Get the opening pages right, and you'll not only hook your reader, you'll hook the story itself.

Elizabeth Moss has published sixteen novels under a variety of names, plus short stories and novellas, in the fields of both commercial and literary fiction.

I'm going to assume in these posts on writing that you are either a new and unpublished writer, or self-published and looking to get into traditional publishing. So do bear that in mind if those do not apply to you.


Most of the 'how to write' books I've read insist on a BANG or WOW opening. Something in the first few lines or on the first page which will capture a reader's attention and keep them turning the pages. And it's true that your first reader - apart from friends/family - is generally an agent or publisher, and since getting their attention is rather important for a new writer, getting the opening pages right does seem desperately important.

Luigi Bonomi of LBA, Literary Agent of the Year 2010, wrote in an online article on 'How To Get An Agent' that the first page has to be 'brilliant' and 'pull them in'. Due to the sheer volume of submissions handled by most literary agencies - around 5000 manuscripts a year is not unusual - Bonomi reckons 'you have on average around 60 seconds to impress an agent with your covering letter and first page.' Which sounds harsh, but is probably about right.

Professionals know what they're looking for in a submission, and deal with so many, it only takes a once-over with an experienced eye to make that initial yes or no. And you need to avoid the word no for as long as possible.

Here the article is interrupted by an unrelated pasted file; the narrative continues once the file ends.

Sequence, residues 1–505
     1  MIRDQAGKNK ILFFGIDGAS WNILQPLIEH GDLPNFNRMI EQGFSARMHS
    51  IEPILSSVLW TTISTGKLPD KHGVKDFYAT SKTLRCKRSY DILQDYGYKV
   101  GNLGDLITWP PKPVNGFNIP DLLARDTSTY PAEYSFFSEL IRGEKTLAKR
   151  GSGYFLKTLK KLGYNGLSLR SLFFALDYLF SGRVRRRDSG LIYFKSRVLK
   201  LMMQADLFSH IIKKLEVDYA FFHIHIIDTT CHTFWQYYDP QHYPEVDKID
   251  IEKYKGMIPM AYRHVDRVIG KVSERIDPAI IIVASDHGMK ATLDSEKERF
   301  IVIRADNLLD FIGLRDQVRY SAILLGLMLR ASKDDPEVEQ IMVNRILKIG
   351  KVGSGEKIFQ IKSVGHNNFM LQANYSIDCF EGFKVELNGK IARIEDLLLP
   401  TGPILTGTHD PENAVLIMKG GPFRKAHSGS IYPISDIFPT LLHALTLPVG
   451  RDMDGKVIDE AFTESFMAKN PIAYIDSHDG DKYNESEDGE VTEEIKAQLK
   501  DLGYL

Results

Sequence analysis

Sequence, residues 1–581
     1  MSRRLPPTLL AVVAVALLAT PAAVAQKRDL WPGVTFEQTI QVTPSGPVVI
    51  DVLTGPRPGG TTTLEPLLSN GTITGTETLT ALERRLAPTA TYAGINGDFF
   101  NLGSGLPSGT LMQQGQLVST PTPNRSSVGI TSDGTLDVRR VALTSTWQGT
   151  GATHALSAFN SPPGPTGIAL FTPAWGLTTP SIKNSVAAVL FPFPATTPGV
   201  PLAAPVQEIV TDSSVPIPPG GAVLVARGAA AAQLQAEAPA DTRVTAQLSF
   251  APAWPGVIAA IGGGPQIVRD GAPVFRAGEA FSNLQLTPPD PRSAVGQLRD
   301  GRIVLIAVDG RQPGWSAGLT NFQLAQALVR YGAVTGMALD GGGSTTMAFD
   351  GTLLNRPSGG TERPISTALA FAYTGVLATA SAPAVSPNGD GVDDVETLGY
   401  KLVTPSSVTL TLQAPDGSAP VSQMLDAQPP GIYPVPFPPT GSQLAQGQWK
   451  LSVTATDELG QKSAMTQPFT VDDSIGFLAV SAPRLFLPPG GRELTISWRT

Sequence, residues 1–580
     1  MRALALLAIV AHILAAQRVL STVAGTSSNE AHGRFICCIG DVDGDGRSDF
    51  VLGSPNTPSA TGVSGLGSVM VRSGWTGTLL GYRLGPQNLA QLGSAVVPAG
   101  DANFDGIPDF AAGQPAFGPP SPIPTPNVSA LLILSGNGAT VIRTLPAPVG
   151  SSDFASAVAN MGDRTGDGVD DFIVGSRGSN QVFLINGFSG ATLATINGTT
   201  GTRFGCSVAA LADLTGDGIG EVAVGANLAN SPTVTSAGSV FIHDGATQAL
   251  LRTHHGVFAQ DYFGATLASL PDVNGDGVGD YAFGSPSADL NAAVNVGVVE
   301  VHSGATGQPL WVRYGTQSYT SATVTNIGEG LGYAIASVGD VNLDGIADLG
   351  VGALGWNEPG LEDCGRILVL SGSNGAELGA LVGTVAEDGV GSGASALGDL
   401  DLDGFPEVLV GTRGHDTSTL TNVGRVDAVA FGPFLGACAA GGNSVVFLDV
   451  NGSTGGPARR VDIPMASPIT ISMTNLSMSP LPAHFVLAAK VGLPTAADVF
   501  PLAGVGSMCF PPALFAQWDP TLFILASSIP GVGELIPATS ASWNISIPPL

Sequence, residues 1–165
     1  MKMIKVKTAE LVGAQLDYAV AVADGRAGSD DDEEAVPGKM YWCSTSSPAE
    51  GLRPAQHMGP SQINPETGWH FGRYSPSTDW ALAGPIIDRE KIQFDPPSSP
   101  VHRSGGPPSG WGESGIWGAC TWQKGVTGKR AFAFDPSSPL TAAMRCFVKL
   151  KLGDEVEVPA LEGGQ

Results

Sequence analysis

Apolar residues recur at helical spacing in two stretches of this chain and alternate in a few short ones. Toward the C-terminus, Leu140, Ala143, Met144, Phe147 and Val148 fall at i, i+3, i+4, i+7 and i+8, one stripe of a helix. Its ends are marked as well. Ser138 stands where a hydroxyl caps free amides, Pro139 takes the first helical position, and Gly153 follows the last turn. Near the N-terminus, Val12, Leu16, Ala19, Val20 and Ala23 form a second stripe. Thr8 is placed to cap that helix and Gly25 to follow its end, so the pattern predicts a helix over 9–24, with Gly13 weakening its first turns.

So try to ensure your opening is pacy, exciting in some way, and emotionally resonant. However, starting with a BANG or a WOW may not suit your story. Or your narrative style. But that does not mean you cannot hook a reader's interest in other ways.

You may have heard about 'voice' and how important it is to get one as a writer. And been confused, no doubt. Voice is something we use when speaking. How can it transfer to narrative technique?

The writer's 'voice' is the one we use when speaking, yes, but also the one we use in our own heads, when thinking. It's our dream voice. Our private narrative on life. I don't necessarily mean accent or dialect when I say 'voice', I mean intonation, significant word selection, sentence structure - all things we don't tend to consider when speaking, but which come naturally to us.

We don't think how our feet and legs move when taking a few steps, it happens automatically. In the same way, the writer's voice is the one we use automatically, without really thinking; the natural voice inside ourselves that has been developing since early childhood. All sorts of things may be muddled up in it. Nursery rhymes, sounds we love, structures we inherited from our parents or carers, snatches of poetry, songs, books, films, and the effects of external pressure - speaking a certain way because it is 'expected'.

The writer's voice is about rhythm and selection. The way we choose to balance sentences, and the words we choose to balance them. See what I did there? That's my voice. But it's also a voice I can put on, like an overcoat. Because the writer's voice is not fixed or singular. It's fluid and multiple. The core of it, the essence of the voice, remains the same. But it can be manipulated or tweaked to achieve different effects, depending on what kind of writing is required.

The opening page is like an introduction at a party: it's about making a great first impression!

Which leads me to character. Because character is what forms the structure of the writer's voice in each new story. The narrative voice in a novel may not be - in fact, almost never is - the same as the writer's internal narrative voice. But it is based on it because it has to be. Write what you know, experts tell us. And what we know best is ourselves.

So each narrative character is a little bit like you. Even the serial killers.